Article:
This has to be the craziest birth story I’ve ever heard.
It was early 1942. Joseph and Desanka Mohorovicic and their daughter Visna, 2, were moving from Yugoslavia (recently invaded by the Axis) to the United States.
The family had traveled together as far as Cape Town, South Africa, but were split up when Desanka was refused passage on a ship to the U.S., possibly because she was 7 months pregnant. So she and Visna stayed behind while Joseph went ahead to New York, where he was to work as an attaché of the Yugoslav Consulate.
Desanka and Visna embarked a month later on the U.S. steamship City of New York.
They were near the end of their voyage when, on March 29, about 40 miles east of Cape Hatteras, North Carolina, the City of New York was hit by a torpedo. It was under attack by German submarine U 160. The ship fired back, but when a second torpedo hit it began to sink. Dozens of crewmen and passengers were killed.
The survivors crowded onto lifeboats. The ship’s doctor, Dr. Leonard Hudson Conly, wisely followed Desanka and Visna onto their lifeboat. (He fractured two ribs while boarding, though.)
That night, Desanka went into labor. Dr. Conley had no anesthesia to offer her (or use for himself) and few medical instruments to work with. The lifeboat was being tossed about by 15-to-20-foot waves. It was dark, it was cold, and everyone was soaked with seawater. And, of course, at least one enemy U-boat was nearby.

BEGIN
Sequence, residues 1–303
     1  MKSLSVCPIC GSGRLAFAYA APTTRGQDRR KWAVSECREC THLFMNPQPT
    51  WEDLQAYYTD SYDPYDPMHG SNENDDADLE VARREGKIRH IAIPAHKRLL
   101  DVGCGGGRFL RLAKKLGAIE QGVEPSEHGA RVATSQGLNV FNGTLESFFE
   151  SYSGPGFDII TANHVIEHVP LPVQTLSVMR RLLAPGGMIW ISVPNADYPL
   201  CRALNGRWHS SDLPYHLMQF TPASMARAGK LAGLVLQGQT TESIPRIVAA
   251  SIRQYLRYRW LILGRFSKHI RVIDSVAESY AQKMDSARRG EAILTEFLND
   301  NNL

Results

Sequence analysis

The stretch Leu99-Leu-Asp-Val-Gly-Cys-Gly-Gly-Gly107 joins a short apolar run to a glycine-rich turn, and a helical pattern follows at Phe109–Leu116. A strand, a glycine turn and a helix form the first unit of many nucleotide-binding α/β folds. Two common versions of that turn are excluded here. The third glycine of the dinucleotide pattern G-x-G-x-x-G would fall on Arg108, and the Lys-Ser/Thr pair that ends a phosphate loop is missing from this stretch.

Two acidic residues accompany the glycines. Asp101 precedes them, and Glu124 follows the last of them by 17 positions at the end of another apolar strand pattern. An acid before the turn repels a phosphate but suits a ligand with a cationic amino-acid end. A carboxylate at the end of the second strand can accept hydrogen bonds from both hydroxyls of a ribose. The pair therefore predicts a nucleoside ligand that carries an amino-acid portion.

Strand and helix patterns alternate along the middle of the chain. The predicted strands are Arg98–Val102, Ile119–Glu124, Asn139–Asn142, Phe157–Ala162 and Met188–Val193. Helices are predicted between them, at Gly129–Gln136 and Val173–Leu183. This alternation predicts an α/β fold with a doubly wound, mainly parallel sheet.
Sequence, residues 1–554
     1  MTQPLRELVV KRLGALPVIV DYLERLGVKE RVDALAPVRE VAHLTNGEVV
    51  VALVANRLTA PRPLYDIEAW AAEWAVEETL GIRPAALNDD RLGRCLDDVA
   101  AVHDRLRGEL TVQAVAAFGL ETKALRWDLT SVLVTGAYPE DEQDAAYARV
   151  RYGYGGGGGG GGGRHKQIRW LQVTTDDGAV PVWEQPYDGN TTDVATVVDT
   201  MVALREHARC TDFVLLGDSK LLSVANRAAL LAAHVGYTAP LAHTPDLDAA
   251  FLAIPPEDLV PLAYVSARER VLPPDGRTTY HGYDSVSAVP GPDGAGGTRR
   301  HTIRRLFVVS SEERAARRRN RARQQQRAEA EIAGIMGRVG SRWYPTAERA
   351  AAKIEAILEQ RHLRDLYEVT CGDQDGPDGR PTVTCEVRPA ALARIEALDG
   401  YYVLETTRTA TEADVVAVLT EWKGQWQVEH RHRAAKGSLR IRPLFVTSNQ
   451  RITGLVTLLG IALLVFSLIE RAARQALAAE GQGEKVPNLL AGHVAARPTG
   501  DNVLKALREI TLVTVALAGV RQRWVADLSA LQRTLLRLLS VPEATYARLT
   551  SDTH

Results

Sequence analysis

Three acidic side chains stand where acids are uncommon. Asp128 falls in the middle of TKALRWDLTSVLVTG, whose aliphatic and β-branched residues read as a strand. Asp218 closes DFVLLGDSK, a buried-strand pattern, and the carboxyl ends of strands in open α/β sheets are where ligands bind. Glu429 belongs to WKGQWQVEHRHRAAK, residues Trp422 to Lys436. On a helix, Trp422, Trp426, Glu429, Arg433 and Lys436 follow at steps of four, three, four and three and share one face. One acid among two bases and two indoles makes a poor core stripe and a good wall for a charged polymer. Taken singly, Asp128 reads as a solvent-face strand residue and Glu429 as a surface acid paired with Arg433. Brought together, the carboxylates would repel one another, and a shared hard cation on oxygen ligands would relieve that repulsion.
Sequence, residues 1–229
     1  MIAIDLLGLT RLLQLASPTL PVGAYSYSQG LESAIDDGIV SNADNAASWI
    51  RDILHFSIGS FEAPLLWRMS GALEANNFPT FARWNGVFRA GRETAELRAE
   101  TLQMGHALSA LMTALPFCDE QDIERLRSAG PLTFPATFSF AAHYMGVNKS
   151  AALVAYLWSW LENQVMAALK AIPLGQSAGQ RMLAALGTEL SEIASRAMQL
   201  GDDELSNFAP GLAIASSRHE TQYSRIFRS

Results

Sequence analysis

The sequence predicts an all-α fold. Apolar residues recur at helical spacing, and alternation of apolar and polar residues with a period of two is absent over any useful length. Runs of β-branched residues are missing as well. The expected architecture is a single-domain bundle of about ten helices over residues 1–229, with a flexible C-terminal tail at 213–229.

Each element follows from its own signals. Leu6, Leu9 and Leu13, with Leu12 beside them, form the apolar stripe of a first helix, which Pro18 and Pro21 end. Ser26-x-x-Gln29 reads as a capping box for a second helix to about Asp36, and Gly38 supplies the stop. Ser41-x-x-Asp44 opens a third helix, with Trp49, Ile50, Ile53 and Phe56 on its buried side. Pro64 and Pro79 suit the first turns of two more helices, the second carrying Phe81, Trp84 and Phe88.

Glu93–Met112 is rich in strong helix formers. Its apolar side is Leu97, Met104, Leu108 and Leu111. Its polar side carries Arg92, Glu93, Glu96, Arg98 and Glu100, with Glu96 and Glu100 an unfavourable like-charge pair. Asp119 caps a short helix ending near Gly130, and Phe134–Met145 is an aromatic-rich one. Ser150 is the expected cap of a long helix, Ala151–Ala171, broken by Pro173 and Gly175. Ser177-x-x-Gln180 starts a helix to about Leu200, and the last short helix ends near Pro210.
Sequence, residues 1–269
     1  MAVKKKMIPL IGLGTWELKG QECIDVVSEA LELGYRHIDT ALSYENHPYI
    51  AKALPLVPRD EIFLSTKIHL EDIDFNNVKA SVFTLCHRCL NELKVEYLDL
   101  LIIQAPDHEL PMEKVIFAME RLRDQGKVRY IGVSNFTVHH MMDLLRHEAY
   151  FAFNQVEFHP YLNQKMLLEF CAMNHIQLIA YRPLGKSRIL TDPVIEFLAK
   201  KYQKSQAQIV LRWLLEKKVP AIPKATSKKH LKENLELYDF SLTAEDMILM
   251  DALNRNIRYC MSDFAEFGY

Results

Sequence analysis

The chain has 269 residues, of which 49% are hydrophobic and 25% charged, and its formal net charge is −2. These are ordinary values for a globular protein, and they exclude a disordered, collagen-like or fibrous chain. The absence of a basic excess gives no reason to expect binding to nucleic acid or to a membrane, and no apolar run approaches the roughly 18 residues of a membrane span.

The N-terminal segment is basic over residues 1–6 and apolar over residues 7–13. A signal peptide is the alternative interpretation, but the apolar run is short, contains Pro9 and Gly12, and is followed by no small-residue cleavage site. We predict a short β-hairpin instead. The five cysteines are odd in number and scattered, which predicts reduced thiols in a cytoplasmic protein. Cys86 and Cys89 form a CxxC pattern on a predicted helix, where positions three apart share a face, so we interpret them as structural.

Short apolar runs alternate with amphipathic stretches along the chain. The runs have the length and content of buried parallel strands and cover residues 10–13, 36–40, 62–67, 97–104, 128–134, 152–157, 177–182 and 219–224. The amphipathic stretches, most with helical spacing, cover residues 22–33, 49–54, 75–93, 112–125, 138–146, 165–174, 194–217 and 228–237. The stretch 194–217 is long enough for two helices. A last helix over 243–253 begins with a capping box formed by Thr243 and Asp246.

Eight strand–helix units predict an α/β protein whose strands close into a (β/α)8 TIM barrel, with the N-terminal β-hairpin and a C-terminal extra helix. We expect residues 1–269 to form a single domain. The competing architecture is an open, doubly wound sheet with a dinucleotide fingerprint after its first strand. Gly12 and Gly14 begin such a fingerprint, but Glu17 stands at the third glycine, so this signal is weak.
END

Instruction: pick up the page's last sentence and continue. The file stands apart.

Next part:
Despite all this, Desanka gave birth to a baby boy in the wee hours of March 30.
“I didn’t have to wash the baby,” Dr. Leonard Conly would later say. “The sea did that for me.”
The destroyer USS Roper soon arrived to rescue the survivors and transport them to Norfolk, Virginia. The baby was later named Jesse Roper Mohorovicic after the rescue vessel, which had been named in honor of naval officer Jesse M. Roper (1851-1901).
Here’s a photo of the Mohorovicic family, minus Joseph.
Sadly, Jesse Roper Mohorovicic passed away just a few years ago, in 2005. (He was buried at sea.) But a few months before he passed, a grandson was born. One of the baby’s middle names? Roper, just like grandpa.
- “Baby Born in Lifeboat Named for Rescue Ship.” New York Times 12 April 1942: 13.
- “Battle of the Atlantic: Birth in a Boat.” Time 13 Apr. 1942.
- Cressman, Robert. The Official Chronology of the U.S. Navy in World War II. Annapolis, MD: Naval Institute Press, 2000.
- Hickam, Homer H. Torpedo Junction: U-Boat War Off America’s East Coast, 1942. Annapolis, MD: Naval Institute Press, 1996.
- Moritz, Owen. “WWII ‘Lifeboat Baby’ Dies at 63.” New York Daily News 15 Aug. 2005.
- “‘Place of Birth’ Question Stumps Parents of ‘Lifeboat Baby.'” Pittsburgh Press 1 May 1942: 24.
- Sea burial for grown ‘Lifeboat Baby’
- “Wounded Doctor Delivers Baby as Waves Toss Lifeboat.” Evening Independent [St. Petersburg, FL] 2 Apr. 1942: 3.
Image: The National Archives, via NOAA